1:4-8 There can be no true peace, where there is not true grace; and where grace goeth before, peace will follow. This blessing is in the name of God, of the Holy Trinity, it is an act of adoration. The Father is first named; he is described as the Jehovah who is, and who was, and who is to come, eternal, unchangeable. The Holy Spirit is called the seven spirits, the perfect Spirit of God, in whom there is a diversity of gifts and operations. The Lord Jesus Christ was from eternity, a Witness to all the counsels of God. He is the First-born from the dead, who will by his own power raise up his people. He is the Prince of the kings of the earth; by him their counsels are overruled, and to him they are accountable. Sin leaves a stain of guilt and pollution upon the soul. Nothing can fetch out this stain but the blood of Christ; and Christ shed his own blood to satisfy Divine justice, and purchase pardon and purity for his people. Christ has made believers kings and priests to God and his Father. As such they overcome the world, mortify sin, govern their own spirits, resist Satan, prevail with God in prayer, and shall judge the world. He has made them priests, given them access to God, enabled them to offer spiritual and acceptable sacrifices, and for these favours they are bound to ascribe to him dominion and glory for ever. He will judge the world. Attention is called to that great day when all will see the wisdom and happiness of the friends of Christ, and the madness and misery of his enemies. Let us think frequently upon the second coming of Christ. He shall come, to the terror of those who wound and crucify him by apostacy: he shall come, to the astonishment of the whole world of the ungodly. He is the Beginning and the End; all things are from him and for him; he is the Almighty; the same eternal and unchanged One. And if we would be numbered with his saints in glory everlasting, we must now willing submit to him receive him, and honour him as a saviour, who we believe will come to be our Judge. Alas, that there should be many, who would wish never to die, and that there should not be a day of judgment!Behold he cometh with clouds,.... John carries on the account of Christ in his kingly office, one branch of which is to execute judgment; and describes him by a future coming of his, which cannot be understood of his coming to take vengeance on the Jews, at the time of Jerusalem's destruction, though that is sometimes expressed in such language, and with such circumstances, as here; see Matthew 24:30; because if this revelation was made to John, in the latter end of Domitian's reign, as is commonly reported by the ancients, and in the year 95 or 96, as chronologers generally place it, it must be upwards of twenty years after the destruction of Jerusalem, and therefore cannot relate to that; nor to his coming in a spiritual sense to convert the Jews in the latter day; for this coming is personal, and with clouds, when he will be seen by every eye; all which circumstances do not so well agree with that; besides, all the kindreds of the earth will not lament on that account: the wicked will take little notice of it, the tribes of the Jews will rejoice at it, and so will all the converted Gentiles: it is better therefore to understand this of Christ's second coming to judge the quick and dead, which is represented as just at hand, to denote the certainty of it; and a "behold" is prefixed to it, to excite attention, and to denote the importance of it: things of great moment, and very surprising, will then be done; Christ will appear in great glory and majesty, the dead in Christ will be raised, Christ's personal kingdom will take place, and the general judgment come on. The manner of his coming will be "with clouds"; either figuratively, with angels, who will attend him both for grandeur and service, or literally, in the clouds of heaven; he shall descend in like manner as he ascended, and as Daniel prophesied he should, Daniel 7:13. Hence, one of the names of the Messiah, with the Jews, is, "Anani" (r), which signifies "clouds"; and his coming is so described, both to denote the grand and magnificent manner, in which he will come, making the clouds his chariots; and to strike terror into his enemies, clouds and darkness being about him, thunder and lightning breaking out of them, as tokens of that vengeance he comes to take upon them; as also the visibility of his coming, he shall descend from the third heaven, where he now is, into the airy heaven, and sit upon the clouds, as on his throne, and be visible to all: hence it follows,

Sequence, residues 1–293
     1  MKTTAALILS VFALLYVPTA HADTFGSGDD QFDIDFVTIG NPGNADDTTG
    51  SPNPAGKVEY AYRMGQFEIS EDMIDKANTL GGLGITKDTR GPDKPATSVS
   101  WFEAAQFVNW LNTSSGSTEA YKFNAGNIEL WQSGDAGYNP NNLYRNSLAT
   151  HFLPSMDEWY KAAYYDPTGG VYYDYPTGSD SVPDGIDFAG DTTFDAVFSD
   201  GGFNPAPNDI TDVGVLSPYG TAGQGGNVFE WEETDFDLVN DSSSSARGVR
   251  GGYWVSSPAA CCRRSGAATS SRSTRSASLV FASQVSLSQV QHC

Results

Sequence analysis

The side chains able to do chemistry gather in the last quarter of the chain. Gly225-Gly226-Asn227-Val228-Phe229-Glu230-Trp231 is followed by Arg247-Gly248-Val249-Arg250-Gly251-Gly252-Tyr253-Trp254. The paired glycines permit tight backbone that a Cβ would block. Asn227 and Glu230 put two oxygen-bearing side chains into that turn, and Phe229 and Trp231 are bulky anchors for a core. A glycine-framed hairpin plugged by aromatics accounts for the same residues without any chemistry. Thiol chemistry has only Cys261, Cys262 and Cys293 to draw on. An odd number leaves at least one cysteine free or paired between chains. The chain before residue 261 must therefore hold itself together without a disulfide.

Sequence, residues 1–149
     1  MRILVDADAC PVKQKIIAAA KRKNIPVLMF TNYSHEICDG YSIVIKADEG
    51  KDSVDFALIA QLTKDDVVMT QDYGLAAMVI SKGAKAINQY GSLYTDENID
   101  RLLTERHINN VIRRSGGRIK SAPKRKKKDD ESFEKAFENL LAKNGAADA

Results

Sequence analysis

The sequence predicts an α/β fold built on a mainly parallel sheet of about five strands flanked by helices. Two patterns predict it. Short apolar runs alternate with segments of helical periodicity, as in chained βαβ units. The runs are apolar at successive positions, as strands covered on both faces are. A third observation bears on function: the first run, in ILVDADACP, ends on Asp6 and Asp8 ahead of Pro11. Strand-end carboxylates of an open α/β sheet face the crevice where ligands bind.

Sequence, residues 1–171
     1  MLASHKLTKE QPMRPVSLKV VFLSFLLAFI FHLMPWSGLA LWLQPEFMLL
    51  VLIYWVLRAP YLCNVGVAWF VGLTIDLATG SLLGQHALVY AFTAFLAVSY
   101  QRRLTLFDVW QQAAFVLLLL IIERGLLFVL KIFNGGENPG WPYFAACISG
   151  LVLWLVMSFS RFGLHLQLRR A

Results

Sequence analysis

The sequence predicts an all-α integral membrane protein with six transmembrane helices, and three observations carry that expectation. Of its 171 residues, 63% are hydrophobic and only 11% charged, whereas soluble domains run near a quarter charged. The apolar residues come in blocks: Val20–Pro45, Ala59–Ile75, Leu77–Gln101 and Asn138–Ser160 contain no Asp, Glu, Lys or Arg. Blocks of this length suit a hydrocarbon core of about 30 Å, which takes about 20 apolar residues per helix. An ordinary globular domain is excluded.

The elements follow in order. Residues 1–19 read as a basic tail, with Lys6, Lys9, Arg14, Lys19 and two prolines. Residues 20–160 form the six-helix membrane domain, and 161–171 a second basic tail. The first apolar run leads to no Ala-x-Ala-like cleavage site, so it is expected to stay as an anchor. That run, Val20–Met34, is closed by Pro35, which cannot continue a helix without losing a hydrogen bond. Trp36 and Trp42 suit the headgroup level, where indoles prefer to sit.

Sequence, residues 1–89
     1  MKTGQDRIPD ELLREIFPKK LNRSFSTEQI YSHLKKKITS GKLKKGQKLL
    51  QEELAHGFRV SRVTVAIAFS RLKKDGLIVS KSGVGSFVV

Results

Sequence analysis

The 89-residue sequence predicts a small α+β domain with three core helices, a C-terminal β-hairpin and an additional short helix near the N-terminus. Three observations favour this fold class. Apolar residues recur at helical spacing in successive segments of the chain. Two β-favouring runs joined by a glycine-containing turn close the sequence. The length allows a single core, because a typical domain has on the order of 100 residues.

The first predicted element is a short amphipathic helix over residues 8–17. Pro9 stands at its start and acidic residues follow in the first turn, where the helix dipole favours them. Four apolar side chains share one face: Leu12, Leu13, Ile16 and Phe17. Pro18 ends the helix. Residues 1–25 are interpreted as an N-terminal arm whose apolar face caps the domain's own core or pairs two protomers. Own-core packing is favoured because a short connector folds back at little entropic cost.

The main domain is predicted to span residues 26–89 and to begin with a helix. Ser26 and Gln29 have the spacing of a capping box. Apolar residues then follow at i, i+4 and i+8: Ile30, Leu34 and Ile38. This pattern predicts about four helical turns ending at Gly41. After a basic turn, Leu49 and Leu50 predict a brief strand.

and every eye shall see him; that is, everyone that has eyes shall see him, or all men shall see him; the righteous shall see him, and be glad; they shall see him in his glory, as he is, and for themselves, and be satisfied; they shall rejoice at the sight of him; they will be filled with joy unspeakable, and full of glory: but the wicked will see him and tremble; they will be filled with the utmost consternation and astonishment; they will not be able to bear the sight of him; they will flee from him, and call to the rocks and mountains to fall on them, and hide them from his face,

And they also which pierced him; his hands, feet, and side, when they crucified him; both the Roman soldiers, who actually did it, and the body of the Jewish nation, the rulers and common people, who consented to it, and at whose instigation it was done; these, being raised from the dead, shall see him with their bodily eyes, whom they so used,

And all kindreds of the earth shall wail because of him; all the wicked, in the several parts of the world, will lament, and wring their hands, and express the inward terror and horror of their minds, at his appearing; they will fear his resentment of all their wicked words and actions; will dread his wrath, and tremble at his righteous judgment:

even so, Amen, says John, and so say all true believers; what the wicked lament, they rejoice at; they desire the coming of Christ, they love it, look and long for it; they believe it shall be, and wish it may be quickly, as in Revelation 22:20; This expression of faith in, and desire after the coming of Christ, is signified by two words, the one Greek and the other Hebrew; suggesting, that this is an article of faith among all the saints of all nations, Jews and Gentiles, and is what they are wishing and waiting for,

(r) Targum in 1 Chronicles 3.24. vid. Beckii Not. in ib. Yalkut Simeoni, par. 2. fol. 85. 2.

Revelation 1:6